Citizen Science from the Zooniverse: Cutting-Edge Research with 1 Million Scientists

Friday, 13 February 2015: 1:30 PM-4:30 PM
Room LL21C (San Jose Convention Center)
Citizen science (CS) involves public participation and engagement in scientific research in a way that makes it possible to perform tasks that a small number of researchers could not accomplish alone, makes the research more democratic, and potentially educates the participants. Volunteers simply need access to a computer or tablet to become involved and assist research activities. The presence of massive online datasets and the availability of high-speed internet access provide many opportunities for citizen scientists to work on projects analyzing and interpreting data -- especially images -- in astronomy, biology, climate science, and other fields. The growing phenomenon of CS has drawn the interest of social scientists who study the efficacy of CS projects, motivations of participants, and applications to industry and policymaking. CS clearly has considerable potential in the era of big data. Galaxy Zoo is an example of a successful CS project; it invites volunteers to visually classify the shapes and structures of galaxies seen in images from optical surveys. The project resulted in catalogs of hundreds of thousands of classified galaxies, allowing for novel statistical analyses and the identification of rare objects. Its popularity led to the Zooniverse, a suite of projects in a diverse and interdisciplinary range of fields. This symposium will demonstrate how CS is becoming a vital tool and highlight the work of a variety of researchers.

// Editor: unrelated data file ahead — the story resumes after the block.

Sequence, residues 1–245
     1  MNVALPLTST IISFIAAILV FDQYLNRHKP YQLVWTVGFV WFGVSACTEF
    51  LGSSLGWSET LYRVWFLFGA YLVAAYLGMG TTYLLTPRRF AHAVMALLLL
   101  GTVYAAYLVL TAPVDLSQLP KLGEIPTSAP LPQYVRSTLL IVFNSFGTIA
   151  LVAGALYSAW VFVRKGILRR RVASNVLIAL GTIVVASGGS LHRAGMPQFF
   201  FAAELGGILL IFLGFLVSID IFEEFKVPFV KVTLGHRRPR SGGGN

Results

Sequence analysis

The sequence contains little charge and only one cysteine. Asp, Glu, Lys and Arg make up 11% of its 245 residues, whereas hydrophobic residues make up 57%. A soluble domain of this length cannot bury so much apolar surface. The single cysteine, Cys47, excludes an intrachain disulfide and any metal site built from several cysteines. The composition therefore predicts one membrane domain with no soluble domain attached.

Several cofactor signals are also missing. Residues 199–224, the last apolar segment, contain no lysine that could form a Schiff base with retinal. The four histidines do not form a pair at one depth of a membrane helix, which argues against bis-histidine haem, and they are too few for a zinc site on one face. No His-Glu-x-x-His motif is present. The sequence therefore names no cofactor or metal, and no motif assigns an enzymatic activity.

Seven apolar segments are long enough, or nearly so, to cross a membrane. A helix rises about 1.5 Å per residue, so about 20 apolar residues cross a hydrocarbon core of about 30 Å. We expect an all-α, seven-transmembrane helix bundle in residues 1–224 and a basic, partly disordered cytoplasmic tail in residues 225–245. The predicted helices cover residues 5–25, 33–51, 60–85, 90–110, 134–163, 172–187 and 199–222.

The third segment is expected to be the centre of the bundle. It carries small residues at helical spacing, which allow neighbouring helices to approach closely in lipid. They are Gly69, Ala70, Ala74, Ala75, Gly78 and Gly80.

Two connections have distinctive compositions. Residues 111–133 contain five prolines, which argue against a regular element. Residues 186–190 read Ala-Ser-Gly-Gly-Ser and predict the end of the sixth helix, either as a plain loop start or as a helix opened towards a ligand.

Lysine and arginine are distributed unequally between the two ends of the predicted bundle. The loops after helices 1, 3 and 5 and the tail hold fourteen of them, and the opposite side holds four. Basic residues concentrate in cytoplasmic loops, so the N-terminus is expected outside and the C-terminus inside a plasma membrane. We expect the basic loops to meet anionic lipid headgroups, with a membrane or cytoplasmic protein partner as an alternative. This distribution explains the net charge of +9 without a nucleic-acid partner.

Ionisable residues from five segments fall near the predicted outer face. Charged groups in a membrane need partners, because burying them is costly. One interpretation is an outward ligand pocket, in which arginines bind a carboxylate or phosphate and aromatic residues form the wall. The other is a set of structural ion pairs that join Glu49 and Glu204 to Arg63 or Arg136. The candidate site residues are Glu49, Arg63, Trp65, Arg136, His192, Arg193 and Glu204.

Ramin A. Skibba, University of California
Brooke Simmons, University of Oxford
The Scientific Impact of Galaxy Zoo
Alexandra Swanson, University of Minnesota
Photographing Carnivores with Snapshot Serengeti
Paul Pharoah, University of Cambridge
Contributing to Cancer Research with Cell Slider
Philip Marshall, Stanford University
Using Space Warps To Find Gravitational Lenses
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